Today, The Prince of Wales and The Duchess of Cornwall carried out engagements in Liverpool. 

Their Royal Highnesses began the day with a welcome from the students of Liverpool University before joining a reception with the President of Ireland and Mrs Higgins at Victoria Gallery and Museum, University of Liverpool. The reception was held in celebration of The Prince and President Higgins’s joint Patronage of the Liverpool Institute of Irish Studies, which encourages greater understanding and positively framed contact between the UK and Ireland.

Next, The Prince of Wales visited St George’s Hall to attend a reception to celebrate Liverpool’s ethnic minority communities. In attendance was Dr Makiziwe Mandela, daughter of Nelson Mandela, who showed The Prince a selection of her father’s drawings, which have been donated for permanent display at the Hall. The collection of drawings depict the various stages of South Africa’s development and the direct influence Nelson Mandela brought from struggle, imprisonment, freedom, unity and future.

Meanwhile, The Duchess of Cornwall joined a children’s literacy event with Coram Beanstalk’s Story Starters programme to celebrate the charity’s partnership with Dolly Parton’s Imagination Library at Liverpool Central Library. The partnership aims to introduce children to the world of books and support them with their reading skills. At the event, the Duchess observed the children working on craft projects, before giving a reading from a popular children’s book.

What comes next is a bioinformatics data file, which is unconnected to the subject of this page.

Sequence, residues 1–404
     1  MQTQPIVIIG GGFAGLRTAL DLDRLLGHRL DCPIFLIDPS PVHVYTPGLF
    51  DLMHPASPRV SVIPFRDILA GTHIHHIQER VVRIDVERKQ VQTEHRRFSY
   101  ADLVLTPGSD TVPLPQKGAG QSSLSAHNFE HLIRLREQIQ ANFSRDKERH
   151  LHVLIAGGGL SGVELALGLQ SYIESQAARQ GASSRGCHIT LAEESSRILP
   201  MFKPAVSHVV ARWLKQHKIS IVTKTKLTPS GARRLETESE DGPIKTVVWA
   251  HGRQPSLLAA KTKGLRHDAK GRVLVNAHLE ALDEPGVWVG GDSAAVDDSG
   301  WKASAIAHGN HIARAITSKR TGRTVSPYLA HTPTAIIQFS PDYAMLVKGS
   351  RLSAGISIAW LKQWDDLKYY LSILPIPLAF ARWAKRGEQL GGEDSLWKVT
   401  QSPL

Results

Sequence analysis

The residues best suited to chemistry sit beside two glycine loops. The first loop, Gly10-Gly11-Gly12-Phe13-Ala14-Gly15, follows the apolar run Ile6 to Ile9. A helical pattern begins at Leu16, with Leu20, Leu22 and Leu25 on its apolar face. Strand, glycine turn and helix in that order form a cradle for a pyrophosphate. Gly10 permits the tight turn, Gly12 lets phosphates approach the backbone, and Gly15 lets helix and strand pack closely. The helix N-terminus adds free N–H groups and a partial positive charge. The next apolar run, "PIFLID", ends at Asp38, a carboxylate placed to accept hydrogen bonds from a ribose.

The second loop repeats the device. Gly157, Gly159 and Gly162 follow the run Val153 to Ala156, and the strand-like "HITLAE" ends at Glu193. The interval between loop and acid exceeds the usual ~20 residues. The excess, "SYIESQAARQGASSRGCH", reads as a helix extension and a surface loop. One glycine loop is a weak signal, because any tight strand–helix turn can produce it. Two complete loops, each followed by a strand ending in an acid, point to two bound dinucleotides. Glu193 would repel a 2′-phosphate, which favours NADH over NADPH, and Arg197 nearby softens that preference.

Later in the day, The Prince of Wales visited the Royal Albert Dock Liverpool to celebrate the Dock’s new Royal status, ahead of the 175th anniversary of its opening by Prince Albert, which will be commemorated in 2021. On arrival, The Prince was greeted by performers from the Beatles’ Story museum, before touring local businesses and residences, including the Dock’s longest serving restaurant, ‘What’s Cooking’. His Royal Highness also met residents and representatives of the Royal Albert Dock Liverpool Charitable Foundation and viewed Ugo Rondinone’s Liverpool Mountain sculpture. Before departing, The Prince of Wales unveiled a plaque to commemorate the Dock’s new Royal status and visited the International Slavery Museum, which occupies a restored warehouse on the Dock.

The Duchess of Cornwall visited Wirral Women and Children’s Aid, which provides shelter and protection for 12 women and up to 26 children in the Liverpool area. The refuge operates in association with Women’s Aid, a national charity working to end domestic violence against women and children. The Duchess met staff, volunteers, and women and children who use the facility. 

To end the day, The Prince of Wales visited Marie Curie’s Liverpool Hospice to mark its 60th Anniversary and meet patients and their families, including actor Alison Steadman, whose mother was cared for by the charity. Marie Curie, of which The Prince of Wales is Patron, provides expert care to people with terminal illnesses, as well as supporting their families. During the visit, The Prince was taken on a tour of the hospice’s Sefton and Stanley wards and visited a Day Therapy session. After touring the hospice, His Royal Highness unveiled a plaque and cut a cake made by TV presenter and chef, Simon Rimmer.

Praising the staff who work at the hospice, The Prince of Wales said:

This is just a small opportunity to thank you all for the incredible love and devotion and care that you provide to so many people in these places. You are so often unsung and unseen but I promise you it is hugely appreciated.

The Duchess of Cornwall visited Liverpool’s Baltic Triangle to meet with artist Paul Curtis and view his mural entitled For All Liverpool’s Liver Birds. The Duchess also met with a small number of local business owners.